20. Bacon's Rebellion
    An armed rebellion in Virginia (1675-1676) led by Nathaniel Bacon against the colony's royal governor, Sir William Berkeley. Although some of his followers called for an end of special privilege in government, Bacon was chiefly interested in gaining a larger share of the lucrative Indian trade
  21. Spectral Evidence
    In the Salem witch trials, the court allowed reports of dreams and visions in which the accused appeared as the devil's agent to be introduced as testimony The accused had no defense against this kind of evidence. When the judges later disallowed this testimony, the executions for witchcraft ended
  22. Back Country
    In the 18th Century, the edge of settlement extended from western Pennsylvania to Georgia. The region formed the second frontier as settlers moved westward from the Atlantic coast into the nation's interior
  23. Enlightenment
    Philosophical and intellectual movement that began in Europe during the 18th century. It emphasized the application of reason to solve social and scientific problems
  24. Itinerant Preachers
    Traveling revivalist ministers of the Great Awakening movement. These charismatic preachers spread revivalism throughout America
  25. Albany Plan
    Plan of intercolonial cooperation proposed by prominent colonists including Benjamin Franklin at a conference in Albany, New York in 1754. The plan envisioned the formation of a Grand Council of elected delegates from the colonies that would have the power to tax and provide for the common defense. It was rejected by colonial and British governments but it was a prototype for colonial union
  26. Seven Years' War
    Worldwide conflict that pitted Britain against France for control over North America. With help from the American Colonists, the British won the was and eliminated France as a power on the North American continent. Also known in America as the French and Indian War
  27. Whigs
    In the mid 18th century, the Whigs were a political faction that dominated Parliament. Generally, they were opposed to royal influence in government and wanted to increase the control and influence of Parliament. Later, they were associated with Parliamentary Reform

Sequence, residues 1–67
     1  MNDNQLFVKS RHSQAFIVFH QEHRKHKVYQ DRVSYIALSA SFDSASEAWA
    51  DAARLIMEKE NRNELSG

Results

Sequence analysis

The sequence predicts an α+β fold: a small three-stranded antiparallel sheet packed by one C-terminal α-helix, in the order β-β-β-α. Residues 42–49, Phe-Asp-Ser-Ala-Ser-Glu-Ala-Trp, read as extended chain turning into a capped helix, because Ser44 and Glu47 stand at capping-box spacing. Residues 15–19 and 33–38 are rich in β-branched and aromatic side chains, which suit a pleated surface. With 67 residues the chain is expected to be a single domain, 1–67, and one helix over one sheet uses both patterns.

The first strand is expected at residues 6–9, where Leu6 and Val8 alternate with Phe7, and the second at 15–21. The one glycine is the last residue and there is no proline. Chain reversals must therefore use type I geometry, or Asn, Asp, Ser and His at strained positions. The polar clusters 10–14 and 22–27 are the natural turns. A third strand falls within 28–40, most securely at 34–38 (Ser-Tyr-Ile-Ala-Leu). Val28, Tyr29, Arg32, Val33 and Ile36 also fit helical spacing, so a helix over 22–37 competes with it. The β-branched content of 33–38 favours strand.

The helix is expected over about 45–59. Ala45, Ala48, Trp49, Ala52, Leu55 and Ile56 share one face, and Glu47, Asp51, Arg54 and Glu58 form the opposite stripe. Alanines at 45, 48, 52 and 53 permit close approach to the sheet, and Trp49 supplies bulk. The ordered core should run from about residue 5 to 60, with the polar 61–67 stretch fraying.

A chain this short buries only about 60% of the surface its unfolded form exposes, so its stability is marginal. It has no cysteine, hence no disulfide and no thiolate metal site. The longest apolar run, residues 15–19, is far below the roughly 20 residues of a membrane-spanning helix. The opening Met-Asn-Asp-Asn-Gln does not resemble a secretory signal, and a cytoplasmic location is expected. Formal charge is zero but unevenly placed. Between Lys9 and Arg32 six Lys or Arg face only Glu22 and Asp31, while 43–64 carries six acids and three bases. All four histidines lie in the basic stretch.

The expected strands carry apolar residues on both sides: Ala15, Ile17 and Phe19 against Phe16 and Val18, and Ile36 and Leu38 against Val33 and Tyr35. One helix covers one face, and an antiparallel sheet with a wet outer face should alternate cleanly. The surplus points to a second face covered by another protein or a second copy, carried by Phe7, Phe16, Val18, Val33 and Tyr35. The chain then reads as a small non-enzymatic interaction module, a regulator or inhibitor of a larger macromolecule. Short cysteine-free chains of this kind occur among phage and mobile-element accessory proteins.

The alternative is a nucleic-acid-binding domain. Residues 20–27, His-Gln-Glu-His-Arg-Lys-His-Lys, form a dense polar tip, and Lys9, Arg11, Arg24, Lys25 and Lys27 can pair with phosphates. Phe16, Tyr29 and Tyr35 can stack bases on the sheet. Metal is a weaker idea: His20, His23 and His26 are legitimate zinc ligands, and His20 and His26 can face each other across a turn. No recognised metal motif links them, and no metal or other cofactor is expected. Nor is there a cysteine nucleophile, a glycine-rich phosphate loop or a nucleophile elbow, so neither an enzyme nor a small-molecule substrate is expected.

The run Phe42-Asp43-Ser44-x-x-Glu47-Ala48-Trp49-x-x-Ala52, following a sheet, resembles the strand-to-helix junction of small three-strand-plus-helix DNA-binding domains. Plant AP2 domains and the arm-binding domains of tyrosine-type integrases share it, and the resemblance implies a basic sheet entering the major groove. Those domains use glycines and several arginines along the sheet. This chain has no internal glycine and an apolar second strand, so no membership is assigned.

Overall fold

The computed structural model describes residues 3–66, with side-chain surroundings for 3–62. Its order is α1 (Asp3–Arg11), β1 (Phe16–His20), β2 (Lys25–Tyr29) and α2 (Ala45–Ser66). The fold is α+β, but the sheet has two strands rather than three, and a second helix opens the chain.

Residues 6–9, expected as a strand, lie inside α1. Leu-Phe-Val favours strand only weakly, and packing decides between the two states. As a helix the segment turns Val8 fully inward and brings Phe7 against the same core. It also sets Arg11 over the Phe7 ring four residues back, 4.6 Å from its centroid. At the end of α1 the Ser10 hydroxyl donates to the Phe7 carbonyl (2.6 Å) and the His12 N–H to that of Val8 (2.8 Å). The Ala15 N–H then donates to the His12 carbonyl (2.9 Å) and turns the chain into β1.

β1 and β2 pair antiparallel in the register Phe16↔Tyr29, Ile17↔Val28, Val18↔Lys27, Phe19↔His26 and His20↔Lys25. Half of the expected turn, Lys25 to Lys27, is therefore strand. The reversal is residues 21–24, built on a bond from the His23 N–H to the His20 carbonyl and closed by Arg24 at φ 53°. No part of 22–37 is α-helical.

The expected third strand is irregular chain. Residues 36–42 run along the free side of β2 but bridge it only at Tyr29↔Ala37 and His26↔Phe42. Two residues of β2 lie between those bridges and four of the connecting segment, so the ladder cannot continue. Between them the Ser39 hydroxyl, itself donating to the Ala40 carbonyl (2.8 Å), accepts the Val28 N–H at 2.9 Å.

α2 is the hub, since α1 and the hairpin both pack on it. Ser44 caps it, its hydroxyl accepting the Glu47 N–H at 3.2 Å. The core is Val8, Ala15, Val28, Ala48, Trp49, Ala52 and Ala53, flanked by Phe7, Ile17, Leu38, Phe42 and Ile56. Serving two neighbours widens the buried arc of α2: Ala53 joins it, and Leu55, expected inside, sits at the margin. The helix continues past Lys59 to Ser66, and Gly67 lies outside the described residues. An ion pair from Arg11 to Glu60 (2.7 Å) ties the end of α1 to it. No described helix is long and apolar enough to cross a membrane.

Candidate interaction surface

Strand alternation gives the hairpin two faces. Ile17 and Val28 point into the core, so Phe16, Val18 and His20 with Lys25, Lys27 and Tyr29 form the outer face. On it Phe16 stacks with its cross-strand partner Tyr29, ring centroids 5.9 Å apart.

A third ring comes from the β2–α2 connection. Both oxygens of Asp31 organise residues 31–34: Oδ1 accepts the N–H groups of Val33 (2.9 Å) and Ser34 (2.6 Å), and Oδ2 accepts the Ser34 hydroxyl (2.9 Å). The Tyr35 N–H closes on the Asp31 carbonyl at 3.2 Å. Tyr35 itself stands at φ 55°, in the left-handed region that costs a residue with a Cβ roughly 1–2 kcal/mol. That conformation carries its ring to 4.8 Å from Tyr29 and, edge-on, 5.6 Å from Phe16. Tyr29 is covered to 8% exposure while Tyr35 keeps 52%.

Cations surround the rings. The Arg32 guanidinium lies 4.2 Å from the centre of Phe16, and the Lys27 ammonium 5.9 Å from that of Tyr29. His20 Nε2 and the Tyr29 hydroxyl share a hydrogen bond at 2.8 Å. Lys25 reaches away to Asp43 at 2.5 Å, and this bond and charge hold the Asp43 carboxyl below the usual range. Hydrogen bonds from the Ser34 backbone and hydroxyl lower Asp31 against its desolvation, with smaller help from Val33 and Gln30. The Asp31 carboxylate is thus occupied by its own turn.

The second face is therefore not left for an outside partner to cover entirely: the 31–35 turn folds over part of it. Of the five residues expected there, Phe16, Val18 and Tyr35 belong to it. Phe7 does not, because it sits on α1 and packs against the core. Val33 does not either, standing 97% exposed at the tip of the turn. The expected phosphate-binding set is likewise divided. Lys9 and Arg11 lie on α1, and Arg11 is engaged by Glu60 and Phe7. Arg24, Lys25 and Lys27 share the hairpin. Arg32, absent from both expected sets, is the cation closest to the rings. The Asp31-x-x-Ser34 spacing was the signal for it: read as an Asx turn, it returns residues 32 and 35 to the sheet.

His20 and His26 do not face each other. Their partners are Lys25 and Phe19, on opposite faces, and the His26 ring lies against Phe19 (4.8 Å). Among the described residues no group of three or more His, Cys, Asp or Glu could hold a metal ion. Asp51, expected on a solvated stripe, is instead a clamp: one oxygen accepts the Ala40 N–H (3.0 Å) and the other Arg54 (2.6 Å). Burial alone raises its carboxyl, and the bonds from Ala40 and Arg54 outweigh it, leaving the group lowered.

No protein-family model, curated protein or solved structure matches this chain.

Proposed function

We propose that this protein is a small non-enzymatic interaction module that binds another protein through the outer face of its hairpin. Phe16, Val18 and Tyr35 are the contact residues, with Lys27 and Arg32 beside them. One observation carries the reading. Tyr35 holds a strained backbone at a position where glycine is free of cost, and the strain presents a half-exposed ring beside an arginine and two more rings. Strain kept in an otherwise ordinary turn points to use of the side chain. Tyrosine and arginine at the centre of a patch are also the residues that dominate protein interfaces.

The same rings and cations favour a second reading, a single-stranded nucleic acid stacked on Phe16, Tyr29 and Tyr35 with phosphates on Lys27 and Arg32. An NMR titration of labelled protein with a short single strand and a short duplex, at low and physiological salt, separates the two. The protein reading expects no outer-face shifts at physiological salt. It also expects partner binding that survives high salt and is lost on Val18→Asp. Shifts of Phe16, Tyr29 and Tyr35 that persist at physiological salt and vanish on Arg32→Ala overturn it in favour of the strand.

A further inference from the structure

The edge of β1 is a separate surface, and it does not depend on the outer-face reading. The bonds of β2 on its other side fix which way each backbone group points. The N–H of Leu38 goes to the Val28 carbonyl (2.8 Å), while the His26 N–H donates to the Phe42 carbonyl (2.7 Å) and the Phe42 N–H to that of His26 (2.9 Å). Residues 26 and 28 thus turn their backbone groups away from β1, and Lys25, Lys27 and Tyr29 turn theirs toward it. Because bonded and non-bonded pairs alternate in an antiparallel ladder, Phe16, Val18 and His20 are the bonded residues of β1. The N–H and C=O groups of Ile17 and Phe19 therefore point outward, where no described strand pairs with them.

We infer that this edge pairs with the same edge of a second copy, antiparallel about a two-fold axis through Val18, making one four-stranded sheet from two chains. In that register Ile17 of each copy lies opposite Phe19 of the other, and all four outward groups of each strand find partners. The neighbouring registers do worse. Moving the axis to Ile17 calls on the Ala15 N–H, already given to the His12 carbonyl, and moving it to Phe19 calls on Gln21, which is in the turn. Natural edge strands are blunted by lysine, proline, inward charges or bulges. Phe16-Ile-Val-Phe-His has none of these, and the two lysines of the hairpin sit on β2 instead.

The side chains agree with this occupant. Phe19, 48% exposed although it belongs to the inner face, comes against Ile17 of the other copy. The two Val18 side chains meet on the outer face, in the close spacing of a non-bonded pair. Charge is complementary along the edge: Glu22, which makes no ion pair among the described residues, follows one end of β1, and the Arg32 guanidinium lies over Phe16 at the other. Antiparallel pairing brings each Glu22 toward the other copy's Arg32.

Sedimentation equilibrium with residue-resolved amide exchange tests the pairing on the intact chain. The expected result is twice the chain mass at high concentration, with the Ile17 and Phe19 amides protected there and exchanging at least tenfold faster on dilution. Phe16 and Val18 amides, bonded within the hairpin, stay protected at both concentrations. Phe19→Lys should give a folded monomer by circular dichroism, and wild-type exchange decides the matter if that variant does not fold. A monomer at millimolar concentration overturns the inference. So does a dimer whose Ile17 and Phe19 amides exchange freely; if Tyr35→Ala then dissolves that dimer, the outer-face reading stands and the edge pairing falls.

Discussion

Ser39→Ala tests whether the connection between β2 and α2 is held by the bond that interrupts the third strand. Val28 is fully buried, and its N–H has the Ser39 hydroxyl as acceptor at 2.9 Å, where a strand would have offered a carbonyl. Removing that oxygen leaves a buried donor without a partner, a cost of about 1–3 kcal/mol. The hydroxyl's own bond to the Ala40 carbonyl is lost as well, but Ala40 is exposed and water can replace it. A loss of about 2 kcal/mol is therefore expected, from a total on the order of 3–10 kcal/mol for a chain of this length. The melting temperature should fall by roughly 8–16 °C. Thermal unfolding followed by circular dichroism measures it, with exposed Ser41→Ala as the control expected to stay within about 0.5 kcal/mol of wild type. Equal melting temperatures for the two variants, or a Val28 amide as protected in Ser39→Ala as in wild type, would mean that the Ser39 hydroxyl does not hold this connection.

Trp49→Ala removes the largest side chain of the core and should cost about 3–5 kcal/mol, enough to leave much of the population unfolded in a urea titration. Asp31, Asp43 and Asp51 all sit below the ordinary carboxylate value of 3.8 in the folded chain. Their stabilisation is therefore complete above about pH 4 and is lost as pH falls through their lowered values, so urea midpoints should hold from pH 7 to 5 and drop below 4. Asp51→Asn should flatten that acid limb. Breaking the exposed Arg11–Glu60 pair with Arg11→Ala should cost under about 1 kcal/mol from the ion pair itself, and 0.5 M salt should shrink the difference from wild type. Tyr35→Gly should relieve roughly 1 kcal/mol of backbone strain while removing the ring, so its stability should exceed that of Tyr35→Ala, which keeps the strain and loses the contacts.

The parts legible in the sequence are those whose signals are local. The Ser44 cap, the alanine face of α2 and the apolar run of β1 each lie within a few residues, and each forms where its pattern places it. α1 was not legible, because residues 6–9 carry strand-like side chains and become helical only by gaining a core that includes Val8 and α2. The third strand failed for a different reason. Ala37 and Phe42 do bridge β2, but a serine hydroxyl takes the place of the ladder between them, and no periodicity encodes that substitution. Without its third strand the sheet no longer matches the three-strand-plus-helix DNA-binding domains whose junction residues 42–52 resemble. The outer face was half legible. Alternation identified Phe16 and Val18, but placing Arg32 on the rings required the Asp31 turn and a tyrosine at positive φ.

28. Parliamentary Sovereignty
    Principle that emphasize the power of Parliament to govern colonial affairs as the preeminent authority
  29. Stamp Act Congress
    Meeting of colonial delegates in New York City in October 1765 to protest the Stamp Act, a law passed by Parliament to raise revenue in America. The delegates drafted petitions denouncing the Stamp Act and other taxes imposed on Americans without colonial consent
  30. Boston Massacre
    A violent confrontation between British troops and a Boston mob on March 5, 1770. Five citizens were killed when the troops fired into the crowd. The incident inflamed anti-British sentiment in Massachusetts
  31. Committee of Correspondence
    Vast communication network formed in Massachusetts and other colonies to communicate grievances and provide colonists with evidence of British oppresion
  32. Coercive Acts
    Also known as the Intolerable Acts, the four pieces of legislation passed by Parliament in 1774 in response to the Boston Tea Party that were meant to punish the colonies
  33. First Continental Congress
    Meeting of delegates from twelve colonies in Philadelphia in 1774. The Congress denied Parliament's authority to legislate for the colonies, condemned British actions toward the colonies, created the Continental Association, and endorsed a call to take up arms
  34. Second Continental Congress
    This meeting took place in Philadelphia in May 1775 in the midst of rapidly unfolding military event. It organized the Continental Army and commissioned George Washington to lead it, then began requisitioning men and supplies for the war effort
  35. Common Sense
    Revolutionary tract written by Thomas Paine in January 1776. It called for independence and the establishment of a republican government in America
  36. Loyalists
    Throughout the conflict with Great Britain, many colonists sided with the kind and Parliament. Also called Tories, these people feared that American liberty would promote social anarchy